C. Ulysses AM/RHS 1948 (x Hathor) - a triploid yellow-bronze.
C. Northlight 'Warwick' AM/AOS 1955 (x Luminous) - a green made by Sander.
C. Sunglow 'Peach Blossom' AM/RHS 1960 (x Neville Chamberlain) - a rose-mauve English hybrid.
C. Rosaleen 'Buttercup' AM/RHS 1956 (x Rosette) - a bright yellow clone from McBeans.
C. Gladys Hamilton 'Radiance' B/CSA 1953 (x Abona) - a rosy-bronze.
C. Nimrod AM/RHS 1946 (x Adelma) - a yellow-green clone from Exbury.
C. Hemptette 'Halo' AM/AOS 1957 (x Susette) - a lovely clear shell-pink.
The above triploid selection shows that C. Pauwelsii 'Comte de Hemptinne' was able to breed a multitude of colours from pink, orange, yellow, green, bronze and brown to rosy mauve.
One must never think that older crosses were made but once; they were frequently remade. In the case of C. Swallow (Alexanderi x Pauwelsii), this hybrid was made in excess of 15 times over a period of about 40 years. We have records of the 7 times that Sander made C. Swallow; 5 times with various diploid Alexanderi's and Pauwelsii's, once with C. Alexanderi 'Westonbirt' and a diploid C. Pauwelsii, and once with the two tetraploid parents. It is rather difficult to try to separate the progeny of the various C. Swallow crosses, but it would appear that all 43 awarded clones are either tetraploid or those triploids derived from C. Alexanderi 'Westonbirt' crossed with one or other diploid C. Pauwelsii. It has been reported that C. Pauwelsii 'Comte de Hemptinne' was crossed with a diploid clone of C. Alexanderi, but the progeny were not of notable quality. Triploid and Tetraploid Swallows were being awarded together in the 1940's. Such clones as 'Exbury' FCC/RHS 1947, 'Hebe' HCC/NSW 1944, 'Conquest' HCC/NSW 1945, 'Jill' HCC/NSW 1950 and 'Magnolia' HCC/VIC 1947 were triploids, while 'Ronnoc' AM/VIC 1947, 'Soulangeana' AM/VIC 1946 and 'Rainbow' HCC/VIC 1948 were tetraploids. Some of the tetraploid clones of C. Swallow used for breeding were 'Lemon Beauty' AM/VIC 1947, 'Worrier I' S/CSA 1956 and 'Lorraine' HCC/AOS 1958.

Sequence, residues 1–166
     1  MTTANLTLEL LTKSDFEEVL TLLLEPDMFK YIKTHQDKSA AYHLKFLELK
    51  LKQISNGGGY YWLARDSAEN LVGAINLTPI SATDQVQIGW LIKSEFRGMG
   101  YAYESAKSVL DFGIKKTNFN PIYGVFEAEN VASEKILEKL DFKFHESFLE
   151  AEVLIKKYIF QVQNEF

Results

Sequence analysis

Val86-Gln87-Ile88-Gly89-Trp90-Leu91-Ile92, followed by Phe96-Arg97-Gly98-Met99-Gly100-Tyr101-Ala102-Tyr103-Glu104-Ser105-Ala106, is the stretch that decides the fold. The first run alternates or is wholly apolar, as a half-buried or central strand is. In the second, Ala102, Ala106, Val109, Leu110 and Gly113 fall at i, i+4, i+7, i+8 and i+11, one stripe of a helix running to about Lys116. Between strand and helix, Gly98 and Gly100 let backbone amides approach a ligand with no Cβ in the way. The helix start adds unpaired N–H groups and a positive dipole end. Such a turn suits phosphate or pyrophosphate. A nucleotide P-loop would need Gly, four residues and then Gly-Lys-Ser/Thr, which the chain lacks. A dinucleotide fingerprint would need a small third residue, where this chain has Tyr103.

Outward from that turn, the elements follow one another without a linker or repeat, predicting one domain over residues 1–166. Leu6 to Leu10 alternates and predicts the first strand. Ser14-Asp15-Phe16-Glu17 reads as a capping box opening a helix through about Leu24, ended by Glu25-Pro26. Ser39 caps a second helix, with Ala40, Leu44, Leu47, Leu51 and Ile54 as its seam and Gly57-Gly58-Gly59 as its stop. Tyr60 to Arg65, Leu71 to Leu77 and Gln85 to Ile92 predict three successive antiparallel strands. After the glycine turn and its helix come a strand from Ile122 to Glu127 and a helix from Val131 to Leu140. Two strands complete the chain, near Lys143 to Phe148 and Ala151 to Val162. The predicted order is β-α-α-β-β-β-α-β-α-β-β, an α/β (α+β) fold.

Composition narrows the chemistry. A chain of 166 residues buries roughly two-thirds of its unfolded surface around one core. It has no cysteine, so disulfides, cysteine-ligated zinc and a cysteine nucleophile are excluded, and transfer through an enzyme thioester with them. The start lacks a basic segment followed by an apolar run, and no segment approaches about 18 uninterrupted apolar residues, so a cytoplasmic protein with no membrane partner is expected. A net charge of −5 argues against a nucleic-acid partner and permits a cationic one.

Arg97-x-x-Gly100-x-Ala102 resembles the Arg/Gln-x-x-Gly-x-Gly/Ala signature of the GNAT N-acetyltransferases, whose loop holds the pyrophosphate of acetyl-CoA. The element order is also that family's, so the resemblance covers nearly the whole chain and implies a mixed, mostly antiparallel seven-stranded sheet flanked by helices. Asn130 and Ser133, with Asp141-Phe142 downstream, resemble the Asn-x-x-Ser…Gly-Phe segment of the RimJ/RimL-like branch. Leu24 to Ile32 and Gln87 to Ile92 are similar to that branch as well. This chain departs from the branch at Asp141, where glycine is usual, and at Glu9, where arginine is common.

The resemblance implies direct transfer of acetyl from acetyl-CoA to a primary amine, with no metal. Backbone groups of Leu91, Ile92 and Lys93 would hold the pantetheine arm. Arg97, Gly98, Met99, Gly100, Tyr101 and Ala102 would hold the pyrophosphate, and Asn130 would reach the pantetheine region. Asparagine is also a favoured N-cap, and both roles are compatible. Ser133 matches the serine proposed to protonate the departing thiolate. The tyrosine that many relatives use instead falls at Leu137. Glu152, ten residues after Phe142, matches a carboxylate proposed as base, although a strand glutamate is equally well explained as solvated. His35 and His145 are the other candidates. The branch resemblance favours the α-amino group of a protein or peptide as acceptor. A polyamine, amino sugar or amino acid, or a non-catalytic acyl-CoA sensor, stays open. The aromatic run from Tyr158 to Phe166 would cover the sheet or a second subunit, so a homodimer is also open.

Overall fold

C. Swallow was used for breeding about 100 times, in about half of these crosses, a tetraploid Swallow was used. Of these, only about 8 hybrids are worthy of note. The best hybrid appears to be C.Great Day (Swallow 'Green Mist' x Balkis) Stewart 1955; most of the clones were white to pale green. 17 clones received awards, mostly between 1958 and 1966. A few were used for further breeding, with occasional awards going to such crosses as C. Jeannie Cobb (x Alexanderi), C. Mem. Gregor Mendel (x Balkis) - mostly whites, and C. Sea Shanty (x Claudona), C. Calico Horizons (x Dorama), C. Lauren Anderson (x Mount Everest), C. San Diego (x Sea Foam) -mostly in shades of green. This line of hybrids appears no longer to be used.
C. Coral Sea (Swallow x Babylon) was made with one of the pink Swallows and this line promised for a while the possibility of a new red breeding line, the clone 'Triumph' HCC/AOS being dark rose. Nothing of note has emerged here, perhaps the proof of the pudding was in the eating. That C. Swallow could produce progeny in the red direction was proved by the two tripioids; C. Biak (Swallow 'Worrier I' x Fascination) with awarded clones in rose and red, and C. Harlequin (Swallow x Paracel) with rose pink and magenta clones, both crosses noted more for their colour and floriferousness than their shape.
C. Hi-Rated (Swallow x Etta Barlow) is best known for the New Zealand clone 'Moonstone' awarded there in the late 1960's. This clone has been used for further breeding and a clone of C. Rae James (x Green Knight) called 'Cameo' received a B/CSA in 1985.
C. Martha Daeniker (Swallow x Vieux Rose) was made at Stonehurst in England and the clone 'Stonehurst' received an AM/RHS in 1971, the flower colour being described as "red purple". This clone has been crossed with C. Fred Stewart to make C. Bert White, the clone 'Ardingly' AM/RHS 1984 being a lovely full white with a striking Vieux Rose-type lip.